The science operations of the LISA Pathfinder mission have demonstrated the feasibility of sub-femto-g free fall of macroscopic test masses necessary to build a gravitational wave observatory in space such as LISA. While the main focus of interest, i.e., the optical axis or the x-axis, has been extensively studied, it is also of great importance to evaluate the stability of the spacecraft with respect to all the other degrees of freedom (d.o.f.). The current paper is dedicated to such a study: t...
The science operations of the LISA Pathfinder mission have demonstrated the feasibility of sub-femto-g free fall of macroscopic test masses necessary to build a gravitational wave observatory in space such as LISA. While the main focus of interest, i.e., the optical axis or the x-axis, has been extensively studied, it is also of great importance to evaluate the stability of the spacecraft with respect to all the other degrees of freedom (d.o.f.). The current paper is dedicated to such a study: the exhaustive and quantitative evaluation of the imperfections and dynamical effects that impact the stability with respect to its local geodesic. A model of the complete closed-loop system provides a comprehensive understanding of each component of the in-loop coordinates spectral density. As will be presented, this model gives very good agreement with LISA Pathfinder flight data. It allows one to identify the noise source at the origin and the physical phenomena underlying the couplings. From this, the stability performance of the spacecraft with respect to its geodesic is extracted as a function of frequency. Close to 1 mHz, the stability of the spacecraft on the XSC, YSC and ZSC d.o.f. is shown to be of the order of 5.0×10-15¿¿m¿s-2¿Hz-1/2 for X, 6.0×10-14¿¿m¿s-2¿Hz-1/2 for Y, and 4.0×10-14¿¿m¿s-2¿Hz-1/2 for Z. For the angular d.o.f., the values are of the order of 3×10-12¿¿rad¿s-2¿¿Hz-1/2 for TSC, 5×10-13¿¿rad¿s-2¿¿Hz-1/2 for HSC, and 3×10-13¿¿rad¿s-2¿¿Hz-1/2 for FSC. Below 1 mHz, however, the stability performances are worsened significantly by the effect of the star tracker noise on the closed-loop system. It is worth noting that LISA is expected to be spared from such concerns, as differential wave-front sensing, an attitude sensor system of much higher precision, will be utilized for attitude control.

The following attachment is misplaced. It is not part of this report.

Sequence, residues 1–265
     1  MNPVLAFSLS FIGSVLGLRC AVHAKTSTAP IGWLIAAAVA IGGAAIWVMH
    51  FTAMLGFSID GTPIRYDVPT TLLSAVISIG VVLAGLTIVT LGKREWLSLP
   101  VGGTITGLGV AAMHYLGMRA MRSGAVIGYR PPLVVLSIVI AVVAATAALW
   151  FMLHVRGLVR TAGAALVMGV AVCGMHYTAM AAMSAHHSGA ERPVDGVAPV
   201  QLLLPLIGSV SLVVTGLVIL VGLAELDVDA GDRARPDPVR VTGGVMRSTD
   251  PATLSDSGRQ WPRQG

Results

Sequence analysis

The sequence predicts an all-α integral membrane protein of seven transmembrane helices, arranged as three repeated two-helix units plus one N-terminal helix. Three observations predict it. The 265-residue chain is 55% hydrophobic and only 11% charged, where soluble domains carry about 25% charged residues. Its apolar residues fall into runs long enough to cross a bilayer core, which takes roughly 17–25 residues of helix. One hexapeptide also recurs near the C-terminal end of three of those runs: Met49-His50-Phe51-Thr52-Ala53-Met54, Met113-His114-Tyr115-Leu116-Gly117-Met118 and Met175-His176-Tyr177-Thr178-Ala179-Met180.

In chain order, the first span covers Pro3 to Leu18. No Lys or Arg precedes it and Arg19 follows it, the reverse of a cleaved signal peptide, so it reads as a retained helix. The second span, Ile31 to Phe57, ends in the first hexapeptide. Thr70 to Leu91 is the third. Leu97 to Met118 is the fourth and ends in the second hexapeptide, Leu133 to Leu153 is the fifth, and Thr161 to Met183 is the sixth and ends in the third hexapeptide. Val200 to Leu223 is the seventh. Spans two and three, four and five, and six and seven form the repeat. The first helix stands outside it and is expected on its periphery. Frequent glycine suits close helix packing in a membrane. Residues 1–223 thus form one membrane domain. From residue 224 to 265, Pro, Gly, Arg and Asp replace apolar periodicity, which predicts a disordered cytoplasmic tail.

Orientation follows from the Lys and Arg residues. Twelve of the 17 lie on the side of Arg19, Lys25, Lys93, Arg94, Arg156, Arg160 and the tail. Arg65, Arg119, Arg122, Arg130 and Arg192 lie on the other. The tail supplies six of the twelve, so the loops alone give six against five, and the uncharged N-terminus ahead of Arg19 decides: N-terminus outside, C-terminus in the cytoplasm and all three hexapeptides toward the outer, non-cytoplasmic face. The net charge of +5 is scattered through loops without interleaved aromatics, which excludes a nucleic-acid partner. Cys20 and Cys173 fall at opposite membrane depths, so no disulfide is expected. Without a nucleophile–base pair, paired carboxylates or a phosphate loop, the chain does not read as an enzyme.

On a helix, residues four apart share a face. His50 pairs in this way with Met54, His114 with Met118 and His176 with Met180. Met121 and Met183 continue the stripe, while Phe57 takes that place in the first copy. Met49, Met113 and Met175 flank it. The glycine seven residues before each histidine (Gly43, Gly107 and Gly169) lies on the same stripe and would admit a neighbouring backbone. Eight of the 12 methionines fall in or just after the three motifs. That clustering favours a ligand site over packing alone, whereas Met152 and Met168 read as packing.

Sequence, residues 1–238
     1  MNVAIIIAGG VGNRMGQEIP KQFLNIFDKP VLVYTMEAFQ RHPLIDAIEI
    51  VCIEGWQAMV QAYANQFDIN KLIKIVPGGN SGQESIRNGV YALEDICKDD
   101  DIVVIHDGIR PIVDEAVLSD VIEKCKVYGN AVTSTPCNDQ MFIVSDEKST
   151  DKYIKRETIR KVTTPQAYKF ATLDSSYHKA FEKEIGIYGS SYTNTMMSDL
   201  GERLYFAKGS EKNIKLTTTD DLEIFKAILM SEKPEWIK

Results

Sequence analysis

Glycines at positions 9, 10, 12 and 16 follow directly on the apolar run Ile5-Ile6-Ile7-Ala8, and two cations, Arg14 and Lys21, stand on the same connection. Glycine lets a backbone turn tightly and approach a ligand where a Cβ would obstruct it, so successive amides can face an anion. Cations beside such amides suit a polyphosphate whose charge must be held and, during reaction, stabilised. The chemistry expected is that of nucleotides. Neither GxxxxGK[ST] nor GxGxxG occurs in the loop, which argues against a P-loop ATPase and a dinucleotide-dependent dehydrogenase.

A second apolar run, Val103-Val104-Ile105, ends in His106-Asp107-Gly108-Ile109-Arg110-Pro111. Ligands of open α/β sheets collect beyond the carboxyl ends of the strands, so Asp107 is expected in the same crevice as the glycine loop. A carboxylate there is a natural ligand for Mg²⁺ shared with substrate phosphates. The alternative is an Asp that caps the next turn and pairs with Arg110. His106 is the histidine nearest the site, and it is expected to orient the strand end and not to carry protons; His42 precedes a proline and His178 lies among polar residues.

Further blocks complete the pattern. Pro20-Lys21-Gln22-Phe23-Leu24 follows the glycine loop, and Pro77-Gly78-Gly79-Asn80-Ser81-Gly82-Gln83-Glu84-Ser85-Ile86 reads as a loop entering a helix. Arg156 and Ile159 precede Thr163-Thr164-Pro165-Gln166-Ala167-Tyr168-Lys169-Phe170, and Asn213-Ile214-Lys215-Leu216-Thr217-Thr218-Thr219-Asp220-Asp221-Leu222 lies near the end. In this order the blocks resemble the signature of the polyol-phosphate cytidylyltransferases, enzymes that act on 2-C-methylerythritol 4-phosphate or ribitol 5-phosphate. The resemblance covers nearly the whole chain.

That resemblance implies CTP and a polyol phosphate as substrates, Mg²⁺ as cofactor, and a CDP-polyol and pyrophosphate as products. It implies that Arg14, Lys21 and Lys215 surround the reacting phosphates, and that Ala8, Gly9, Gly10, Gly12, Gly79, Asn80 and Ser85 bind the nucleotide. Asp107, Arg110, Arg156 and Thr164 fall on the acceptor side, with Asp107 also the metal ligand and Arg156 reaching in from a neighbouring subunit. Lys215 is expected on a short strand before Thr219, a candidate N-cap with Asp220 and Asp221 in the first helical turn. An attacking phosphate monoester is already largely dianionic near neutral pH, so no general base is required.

Citation
Armano, M. [et al.]. LISA Pathfinder platform stability and drag-free performance. "Physical review D", 15 Abril 2019, vol. 99, núm. 8, p. 082001-1-082001-14.